DENVER — COVID-19 is disproportionally impacting Colorado’s Hispanic and Black communities, data shows.
The state has a new Health Equity Response Team looking to make sure that resources get to all communities.
“People of color are disproportionately likely to be exposed to the virus in low-paying “essential” jobs; are more likely to have limited access to affordable healthcare, childcare, and transportation; are more likely to live in neighborhoods with high air pollution rates; and are more likely to face unsanitary conditions in prisons, jails, and detention centers,” according to the state’s website.
The website says the response team will work to:
- Ensure racial and ethnicity COVID-19 data are accessible, transparent and used in decision-making,
- Determine proactive measures to prevent the spread of COVID-19 in specific communities,
- Work with state teams coordinating resources and logistics to help curb health disparities related to COVID-19,
- Increase access to testing and care services,
- Share time-sensitive information about how Colorado communities are experiencing particular challenges related to the COVID-19 response, and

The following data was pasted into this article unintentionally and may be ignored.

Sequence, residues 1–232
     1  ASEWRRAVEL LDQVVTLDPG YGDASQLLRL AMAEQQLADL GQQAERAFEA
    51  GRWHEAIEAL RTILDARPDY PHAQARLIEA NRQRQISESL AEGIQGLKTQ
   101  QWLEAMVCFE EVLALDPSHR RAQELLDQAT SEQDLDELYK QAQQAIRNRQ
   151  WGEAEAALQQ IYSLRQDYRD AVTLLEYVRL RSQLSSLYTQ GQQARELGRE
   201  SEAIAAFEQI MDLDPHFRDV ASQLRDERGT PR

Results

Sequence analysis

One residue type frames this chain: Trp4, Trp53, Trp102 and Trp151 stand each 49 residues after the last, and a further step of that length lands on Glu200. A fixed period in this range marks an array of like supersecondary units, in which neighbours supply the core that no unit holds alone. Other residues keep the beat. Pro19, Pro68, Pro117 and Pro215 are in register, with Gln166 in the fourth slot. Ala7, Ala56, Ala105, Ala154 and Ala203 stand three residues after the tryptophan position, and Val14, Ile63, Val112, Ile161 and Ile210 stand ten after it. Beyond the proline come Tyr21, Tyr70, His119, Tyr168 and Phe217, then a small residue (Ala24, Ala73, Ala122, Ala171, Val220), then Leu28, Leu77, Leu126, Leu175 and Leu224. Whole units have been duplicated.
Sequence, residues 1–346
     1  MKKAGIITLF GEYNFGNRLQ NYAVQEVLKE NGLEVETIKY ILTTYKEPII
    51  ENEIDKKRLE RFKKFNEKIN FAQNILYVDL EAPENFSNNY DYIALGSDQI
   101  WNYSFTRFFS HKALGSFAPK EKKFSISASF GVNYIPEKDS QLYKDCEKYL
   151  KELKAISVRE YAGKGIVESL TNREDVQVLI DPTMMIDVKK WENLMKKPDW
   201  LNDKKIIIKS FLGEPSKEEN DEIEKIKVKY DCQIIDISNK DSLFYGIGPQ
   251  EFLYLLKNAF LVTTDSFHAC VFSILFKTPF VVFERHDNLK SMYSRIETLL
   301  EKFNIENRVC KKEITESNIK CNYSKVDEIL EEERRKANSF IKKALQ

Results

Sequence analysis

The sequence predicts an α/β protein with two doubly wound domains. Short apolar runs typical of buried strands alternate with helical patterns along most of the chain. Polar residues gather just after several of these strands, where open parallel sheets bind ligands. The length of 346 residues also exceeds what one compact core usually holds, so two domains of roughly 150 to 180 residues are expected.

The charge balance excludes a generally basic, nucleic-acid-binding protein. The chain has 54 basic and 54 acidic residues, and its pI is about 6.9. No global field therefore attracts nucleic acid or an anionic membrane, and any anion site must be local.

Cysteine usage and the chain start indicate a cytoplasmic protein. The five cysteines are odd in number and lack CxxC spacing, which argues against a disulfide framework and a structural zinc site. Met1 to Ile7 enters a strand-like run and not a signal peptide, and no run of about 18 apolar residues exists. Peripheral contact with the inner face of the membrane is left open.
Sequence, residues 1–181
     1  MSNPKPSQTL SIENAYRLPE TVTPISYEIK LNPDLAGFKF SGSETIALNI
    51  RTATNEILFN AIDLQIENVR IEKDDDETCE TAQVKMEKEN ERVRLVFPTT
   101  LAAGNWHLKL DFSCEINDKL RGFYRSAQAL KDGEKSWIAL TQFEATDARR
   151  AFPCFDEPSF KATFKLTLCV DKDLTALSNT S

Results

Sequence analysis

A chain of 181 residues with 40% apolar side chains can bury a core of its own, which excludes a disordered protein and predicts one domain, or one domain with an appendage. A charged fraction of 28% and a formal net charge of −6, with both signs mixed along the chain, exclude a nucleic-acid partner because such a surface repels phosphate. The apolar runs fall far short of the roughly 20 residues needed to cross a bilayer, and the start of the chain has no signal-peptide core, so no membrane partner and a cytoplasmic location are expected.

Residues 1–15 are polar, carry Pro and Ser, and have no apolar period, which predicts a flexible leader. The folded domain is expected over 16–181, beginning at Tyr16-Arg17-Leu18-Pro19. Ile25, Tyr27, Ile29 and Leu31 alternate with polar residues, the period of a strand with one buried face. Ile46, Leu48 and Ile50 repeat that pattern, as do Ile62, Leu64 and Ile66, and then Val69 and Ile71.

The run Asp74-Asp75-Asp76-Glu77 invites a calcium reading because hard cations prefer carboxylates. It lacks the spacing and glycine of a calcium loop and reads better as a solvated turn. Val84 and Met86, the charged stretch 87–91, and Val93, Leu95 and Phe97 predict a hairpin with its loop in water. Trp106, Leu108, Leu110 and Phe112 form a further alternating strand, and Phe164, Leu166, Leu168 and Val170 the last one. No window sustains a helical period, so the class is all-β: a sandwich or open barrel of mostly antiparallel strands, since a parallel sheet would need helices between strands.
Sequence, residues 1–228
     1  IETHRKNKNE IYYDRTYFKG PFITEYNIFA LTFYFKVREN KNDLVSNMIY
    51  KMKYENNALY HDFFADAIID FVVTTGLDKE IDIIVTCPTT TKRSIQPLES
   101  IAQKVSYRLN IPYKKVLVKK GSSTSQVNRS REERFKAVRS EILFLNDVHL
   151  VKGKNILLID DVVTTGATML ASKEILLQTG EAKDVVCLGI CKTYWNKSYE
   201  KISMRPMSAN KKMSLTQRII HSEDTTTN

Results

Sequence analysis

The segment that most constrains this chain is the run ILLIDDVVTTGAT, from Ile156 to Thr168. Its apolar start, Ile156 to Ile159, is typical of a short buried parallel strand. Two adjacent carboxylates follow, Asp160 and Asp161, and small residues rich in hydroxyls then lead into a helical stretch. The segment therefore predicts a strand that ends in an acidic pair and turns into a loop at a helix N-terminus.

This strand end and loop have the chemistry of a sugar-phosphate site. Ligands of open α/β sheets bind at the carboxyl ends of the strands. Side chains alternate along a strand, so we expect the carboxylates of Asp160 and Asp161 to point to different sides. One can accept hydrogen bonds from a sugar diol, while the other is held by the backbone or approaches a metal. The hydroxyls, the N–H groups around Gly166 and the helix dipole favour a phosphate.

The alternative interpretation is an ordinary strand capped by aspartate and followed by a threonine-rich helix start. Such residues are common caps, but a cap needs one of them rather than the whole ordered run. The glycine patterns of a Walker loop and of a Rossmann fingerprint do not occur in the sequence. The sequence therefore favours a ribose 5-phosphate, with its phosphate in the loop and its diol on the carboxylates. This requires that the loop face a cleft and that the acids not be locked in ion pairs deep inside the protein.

- Develop policy recommendations to better assist and prepare communities of color during the current COVID-19 pandemic as well as future state emergencies.
“It's also crucial to remember that no matter your race or your background, we are all in this together,” Polis said during a news conference on Wednesday.
Earlier this month, Colorado started reporting race and ethnicity data that showed Hispanics account for 35% of all cases, though they make up less than 22% of Colorado’s population. African Americans made up 7.6% of cases and less than 4% of the population.
The Centers for Disease Control and Prevention's website lists a few factors that influence the health of minority groups.
it says members of racial or ethnic minorities may be more likely to live in densely populated areas “because of institutional racism in the form of residential housing segregation” which makes it difficult to practice social distancing.
The CDC also shows minorities are overrepresented in low-paying essential industries and are thus more likely to be exposed to the virus. These particular groups face barriers to getting health care – like a lack of health insurance – which could make them especially vulnerable during an outbreak.
Democrats in the State House hosted a virtual town hall to provide what they say are immediate solutions.
The American Civil Liberties Union of Colorado’s public policy director Denise Maes said minority groups should have free testing and treatment.
Advocates are also calling for more equal allocation of relief money to minorities as well as help with their rent.
“It's also essential that results are acknowledged,” Maes said. “Just collecting them and putting them in a box and not doing anything about it doesn't really help the communities affected.”
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